Is the Fatherland Really a Motherland?
Department of Anthropology
University of Washington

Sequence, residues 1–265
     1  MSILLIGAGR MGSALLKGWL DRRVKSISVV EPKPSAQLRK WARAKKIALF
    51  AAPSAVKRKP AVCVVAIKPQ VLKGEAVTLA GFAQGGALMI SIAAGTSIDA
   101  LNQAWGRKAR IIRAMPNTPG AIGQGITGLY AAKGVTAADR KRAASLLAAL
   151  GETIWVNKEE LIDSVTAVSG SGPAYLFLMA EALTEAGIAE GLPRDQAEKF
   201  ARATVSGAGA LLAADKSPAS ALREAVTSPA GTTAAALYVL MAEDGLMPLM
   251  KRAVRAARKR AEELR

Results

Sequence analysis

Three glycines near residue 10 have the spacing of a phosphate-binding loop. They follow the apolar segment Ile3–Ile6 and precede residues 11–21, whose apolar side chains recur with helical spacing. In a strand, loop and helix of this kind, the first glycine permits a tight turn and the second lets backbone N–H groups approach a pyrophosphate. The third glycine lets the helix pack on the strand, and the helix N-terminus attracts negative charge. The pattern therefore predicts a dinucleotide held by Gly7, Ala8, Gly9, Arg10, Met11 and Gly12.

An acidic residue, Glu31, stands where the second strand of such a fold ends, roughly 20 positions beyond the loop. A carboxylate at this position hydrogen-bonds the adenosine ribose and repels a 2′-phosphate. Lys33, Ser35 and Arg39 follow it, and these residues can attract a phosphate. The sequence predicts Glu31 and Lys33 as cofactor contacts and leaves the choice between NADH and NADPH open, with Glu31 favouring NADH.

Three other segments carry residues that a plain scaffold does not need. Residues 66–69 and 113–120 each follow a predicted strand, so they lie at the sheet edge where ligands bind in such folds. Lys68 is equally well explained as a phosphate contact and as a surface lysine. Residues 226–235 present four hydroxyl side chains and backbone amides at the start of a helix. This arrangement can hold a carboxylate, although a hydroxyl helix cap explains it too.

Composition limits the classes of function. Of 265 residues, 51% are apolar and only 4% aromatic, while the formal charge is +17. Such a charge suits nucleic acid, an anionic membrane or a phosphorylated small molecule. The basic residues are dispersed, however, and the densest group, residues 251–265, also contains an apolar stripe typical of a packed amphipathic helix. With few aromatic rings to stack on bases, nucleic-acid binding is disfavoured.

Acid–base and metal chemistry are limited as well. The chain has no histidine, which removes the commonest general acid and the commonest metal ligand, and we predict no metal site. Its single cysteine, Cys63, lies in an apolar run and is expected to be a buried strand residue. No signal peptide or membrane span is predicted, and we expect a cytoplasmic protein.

The 1990s restructuring of the Chinese economy has seen the reworking of governmentality through a reorganization of "biopower from below." This paper explores ideologies of motherhood as an incitement to urban middle-class women to provide the "affectively necessary labor" in the production of embodied value in their only child. In contrast to this production of the urban middle-class child as the new neoliberal subject is the figure of the migrant whose derogated body is seen to lack the embodied competencies now required for full citizenship. The migrant body is the ghostly double of the urban middle-class child as an inverse figures of value in which value is conceived of as something added to the body in the form of capital inputs rather than inhering in the body itself through its capacity for labor. The secret to China's so-called economic take-off is precisely the extraction of surplus value from migrant bodies not just in the economic realm but in the politico-cognitive (power/knowledge) domain as well as in the desiring economies of middle-class aspiration. In the ideologies of motherhood, we see how aspirations for national transcendence are being reworked in the private sphere in the production of the middle-class child as a new national subject who can stride across national borders with confidence.